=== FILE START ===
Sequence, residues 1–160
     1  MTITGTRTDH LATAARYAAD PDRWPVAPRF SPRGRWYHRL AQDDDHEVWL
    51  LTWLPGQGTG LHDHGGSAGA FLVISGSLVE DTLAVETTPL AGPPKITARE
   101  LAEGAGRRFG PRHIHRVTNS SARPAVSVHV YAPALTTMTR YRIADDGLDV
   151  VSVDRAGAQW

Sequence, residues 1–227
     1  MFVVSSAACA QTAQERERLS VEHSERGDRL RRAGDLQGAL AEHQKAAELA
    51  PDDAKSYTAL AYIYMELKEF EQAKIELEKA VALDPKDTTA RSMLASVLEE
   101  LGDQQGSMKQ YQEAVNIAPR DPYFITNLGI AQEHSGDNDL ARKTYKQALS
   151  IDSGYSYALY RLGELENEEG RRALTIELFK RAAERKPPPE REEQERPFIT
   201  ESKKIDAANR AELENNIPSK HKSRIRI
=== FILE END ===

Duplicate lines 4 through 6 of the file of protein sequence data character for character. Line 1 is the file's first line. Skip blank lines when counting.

   101  LAEGAGRRFG PRHIHRVTNS SARPAVSVHV YAPALTTMTR YRIADDGLDV
   151  VSVDRAGAQW

Sequence, residues 1–227